Lowest BTU output stove with reasonable burn time on the market for 240 sq foot well insulated tiny home (Climate zone 7)?

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NBABUCKS1

Member
May 9, 2013
52
Wasatch Front, UT
I'm planning on building a 240 square foot tiny home this summer that will be well insulated in climate zone 7. I have a TON of wood and love burning.

I feel as if this will be an impossible task given that I will probably roast myself out. I also plan on putting in a mini split heat pump that will be rated to at least 5 degree F. Ideally I'd find a wood stove with a low BTU output but will probably have to settle for a propane vented heater. Unfortunately all softwood which doesn't help.

In my research, I believe catalytic is the only way to go here and the lowest BTU output I have found so far is the BK Boxer 24 coming in @ 9589 BTU/Hour on low. I'd love to have a firebox that could sustain an 8 hour burn or at least leave some embers to start it again.

Any other LOW BTU contenders I should look at?

EDIT in looking at the EPA website I have found these:
- Woodstock 202 Palladin/204 Keystone - 7606
- Blaze King Ashford/chinook/sirocco - 8900
- Regency CI2700/HI500 - 8292

NON CAT
- Morso Jernstoberi 2b Standard - 6959
- Woodstock - ideal steel - 9324
 
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begreen

Mooderator
Staff member
Nov 18, 2005
91,384
South Puget Sound, WA
Of these, the Morso 2B is more practical. But do you want to take up all the space needed for a wood stove in this small area?
 

begreen

Mooderator
Staff member
Nov 18, 2005
91,384
South Puget Sound, WA
I've been in a few tiny homes and have a friend building one. Space is at a premium. He is heating his with a mini-split.
 

Highbeam

Minister of Fire
Dec 28, 2006
19,535
Mt. Rainier Foothills, WA
That’s a pretty large space. It’s a 30 foot long RV and oftentimes these tiny homes have a loft space.

Look in the marine world. Your house will be bigger than most boats that use them. I don’t think catalytic stoves are really an option since all of these tiny stoves seem to be very simple.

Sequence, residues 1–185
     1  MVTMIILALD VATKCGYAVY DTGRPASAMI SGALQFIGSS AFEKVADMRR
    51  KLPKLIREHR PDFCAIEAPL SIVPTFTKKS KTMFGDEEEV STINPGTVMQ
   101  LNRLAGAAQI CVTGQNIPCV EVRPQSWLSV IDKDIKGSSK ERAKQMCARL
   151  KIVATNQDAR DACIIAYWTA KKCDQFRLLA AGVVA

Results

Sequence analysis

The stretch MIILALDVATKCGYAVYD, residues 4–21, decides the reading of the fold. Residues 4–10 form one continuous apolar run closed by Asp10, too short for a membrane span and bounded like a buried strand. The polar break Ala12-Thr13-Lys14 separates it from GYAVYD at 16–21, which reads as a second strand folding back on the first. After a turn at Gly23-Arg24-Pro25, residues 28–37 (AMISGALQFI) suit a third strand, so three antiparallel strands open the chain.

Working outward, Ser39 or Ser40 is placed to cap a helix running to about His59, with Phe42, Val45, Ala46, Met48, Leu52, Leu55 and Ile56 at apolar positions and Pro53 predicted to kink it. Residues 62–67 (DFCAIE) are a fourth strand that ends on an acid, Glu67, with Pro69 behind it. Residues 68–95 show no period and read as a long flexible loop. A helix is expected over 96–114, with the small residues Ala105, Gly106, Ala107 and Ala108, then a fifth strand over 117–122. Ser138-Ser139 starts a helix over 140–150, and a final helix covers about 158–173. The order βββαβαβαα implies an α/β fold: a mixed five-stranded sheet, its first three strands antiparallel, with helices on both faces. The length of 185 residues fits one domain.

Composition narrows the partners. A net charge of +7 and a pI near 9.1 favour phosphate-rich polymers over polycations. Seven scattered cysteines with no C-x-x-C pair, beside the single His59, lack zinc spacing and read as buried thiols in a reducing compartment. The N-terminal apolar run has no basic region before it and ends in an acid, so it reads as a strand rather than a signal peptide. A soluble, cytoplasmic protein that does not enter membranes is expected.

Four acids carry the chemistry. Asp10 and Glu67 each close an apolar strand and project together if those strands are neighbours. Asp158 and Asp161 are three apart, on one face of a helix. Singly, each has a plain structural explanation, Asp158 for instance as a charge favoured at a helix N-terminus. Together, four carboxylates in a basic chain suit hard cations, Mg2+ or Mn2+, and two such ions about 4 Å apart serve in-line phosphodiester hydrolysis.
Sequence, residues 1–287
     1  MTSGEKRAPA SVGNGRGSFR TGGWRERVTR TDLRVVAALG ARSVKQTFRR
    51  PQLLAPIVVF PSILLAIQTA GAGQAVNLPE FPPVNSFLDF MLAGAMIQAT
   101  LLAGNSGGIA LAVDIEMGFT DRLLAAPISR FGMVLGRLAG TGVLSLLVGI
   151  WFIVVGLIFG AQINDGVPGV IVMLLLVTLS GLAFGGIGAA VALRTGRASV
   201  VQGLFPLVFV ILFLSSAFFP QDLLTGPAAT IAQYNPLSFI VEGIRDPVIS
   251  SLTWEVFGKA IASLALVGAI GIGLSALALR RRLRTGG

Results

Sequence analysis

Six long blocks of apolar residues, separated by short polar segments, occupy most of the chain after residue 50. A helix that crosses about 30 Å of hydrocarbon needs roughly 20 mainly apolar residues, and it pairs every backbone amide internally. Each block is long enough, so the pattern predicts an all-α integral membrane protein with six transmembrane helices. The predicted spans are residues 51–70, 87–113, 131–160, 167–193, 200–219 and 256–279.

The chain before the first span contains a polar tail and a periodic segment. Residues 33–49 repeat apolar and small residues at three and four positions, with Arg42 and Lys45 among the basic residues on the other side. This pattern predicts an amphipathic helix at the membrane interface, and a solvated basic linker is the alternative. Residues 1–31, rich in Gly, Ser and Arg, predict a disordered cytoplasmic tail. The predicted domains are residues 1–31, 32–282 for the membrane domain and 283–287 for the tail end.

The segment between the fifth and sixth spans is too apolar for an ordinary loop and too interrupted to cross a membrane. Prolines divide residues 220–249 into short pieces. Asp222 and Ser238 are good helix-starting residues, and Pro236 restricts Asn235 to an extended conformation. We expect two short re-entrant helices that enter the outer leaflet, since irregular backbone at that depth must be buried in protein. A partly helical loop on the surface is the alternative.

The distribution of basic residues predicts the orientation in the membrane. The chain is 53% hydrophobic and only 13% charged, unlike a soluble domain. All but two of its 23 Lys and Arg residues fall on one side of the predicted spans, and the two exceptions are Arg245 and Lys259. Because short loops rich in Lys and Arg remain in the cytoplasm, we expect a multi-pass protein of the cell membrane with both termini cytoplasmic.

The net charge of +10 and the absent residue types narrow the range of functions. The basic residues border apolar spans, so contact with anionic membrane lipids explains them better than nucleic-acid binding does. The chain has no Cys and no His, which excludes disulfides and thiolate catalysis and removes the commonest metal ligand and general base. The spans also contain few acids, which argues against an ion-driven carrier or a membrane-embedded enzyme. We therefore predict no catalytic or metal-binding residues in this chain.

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begreen

Mooderator
Staff member
Nov 18, 2005
91,384
South Puget Sound, WA
That’s a pretty large space. It’s a 30 foot long RV and oftentimes these tiny homes have a loft space.

Look in the marine world. Your house will be bigger than most boats that use them. I don’t think catalytic stoves are really an option since all of these tiny stoves seem to be very simple.
Same size as our greenhouse, 12x20. I have the Jotul in there and it works, but I am not living in the space. Things like bathroom, kitchen, loft stairs, sitting space, storage all take up room.
 

sesmith

Feeling the Heat
Dec 11, 2009
274
Central NY
You might not have a lot of luck finding anything with a long burn time that won't heat you out of that place. Take a look at the Dwarf or the Cubic Mini. Neither is catalytic but they both take up very little room. The issue I would have with either is the tiny size wood that you have to cut for them. Otherwise, they're pretty cool and take up little space. You could also look at one of the marine stoves like the Sardine or Little Cod.

We have a log cabin cottage that's a little under 400 sq ft and has a loft. We heat that with a Jotul 602 cb and that's about perfect for the space. It might work for you if you just do small fires. I think to heat a tiny place like your cabin, you may find that short small fires is the way to go and give up the idea of long slow burns.
 
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ABMax24